As I get older, Rainbow’s influence wanes. I think V. is a better novel, stranger, more unsettling, with tighter writing. Ditto for The Crying of Lot 49, one of the most absurdly plotted novels ever written, about an illegal, underground mail system called Trystero, and a heart-breaking ending where nothing is answered or resolved.

Pynchon is a recluse. He’s also driven, dedicated, unwavering, uncompromising and dogmatic in his style. He’s entered some type of hyper late-phase productivity, publishing three novels in a handful of years. His books have a manic energy to them, some propulsive force, and an often exaggerated 1950s comic book dialogue style.

He’s an immense presence in the American literary landscape. There’s something Pynchonian about his influence. He’s often used as a qualifier for other writers’ work, but he stands in a category all his own. Even the comparisons to DeLillo are off the mark; Pynchon is sillier, funnier, cornier, wilder, and less stringent a writer than DeLillo. DeLillo sees life as a trap. Pynchon sees life as a cruel game. The game is hilarious because we can never know the rules.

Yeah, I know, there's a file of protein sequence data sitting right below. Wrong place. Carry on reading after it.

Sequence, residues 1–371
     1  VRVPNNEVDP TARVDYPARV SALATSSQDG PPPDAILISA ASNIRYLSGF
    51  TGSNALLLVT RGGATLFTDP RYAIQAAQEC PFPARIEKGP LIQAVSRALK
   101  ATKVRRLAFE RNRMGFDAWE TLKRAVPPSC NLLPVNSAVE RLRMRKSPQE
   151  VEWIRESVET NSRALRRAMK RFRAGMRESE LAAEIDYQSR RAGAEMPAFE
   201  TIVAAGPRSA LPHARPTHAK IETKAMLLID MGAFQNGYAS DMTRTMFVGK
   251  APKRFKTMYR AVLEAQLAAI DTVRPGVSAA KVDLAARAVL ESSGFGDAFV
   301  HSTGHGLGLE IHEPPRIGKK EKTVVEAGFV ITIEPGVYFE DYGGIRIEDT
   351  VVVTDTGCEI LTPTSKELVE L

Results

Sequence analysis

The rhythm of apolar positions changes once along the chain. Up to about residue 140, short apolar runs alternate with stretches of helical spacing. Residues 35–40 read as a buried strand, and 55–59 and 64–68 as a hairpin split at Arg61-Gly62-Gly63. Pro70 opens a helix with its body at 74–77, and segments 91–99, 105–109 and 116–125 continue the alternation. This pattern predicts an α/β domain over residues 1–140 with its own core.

Great review here.

The prose is heated, jarring, visceral, sometimes silly, always complex. Here’s a taste of his cacophonous summation of the Dodo bird, being massacred by the German colonials, narrated in part by a German named Franz:

“This furious host were losers, impersonating a race chosen by God. The colony, the venture, was dying—like the ebony trees they were stripping from the island, like the poor species they were removing totally from the earth. . . . To some, it made sense. They saw the stumbling birds ill-made to the point of Satanic intervention, so ugly as to embody argument against Godly creation. Was Mauritius some first poison trickle through sheltering dikes of earth? Christians must stem it here, or perish to a second Flood, loosed this time not by God but by the Enemy. The act of ramming home the charges into their musketry became for these men a devotional act, one whose symbolism they understood.”


And, a few paragraphs later, this, as he witnesses the ongoing extinction: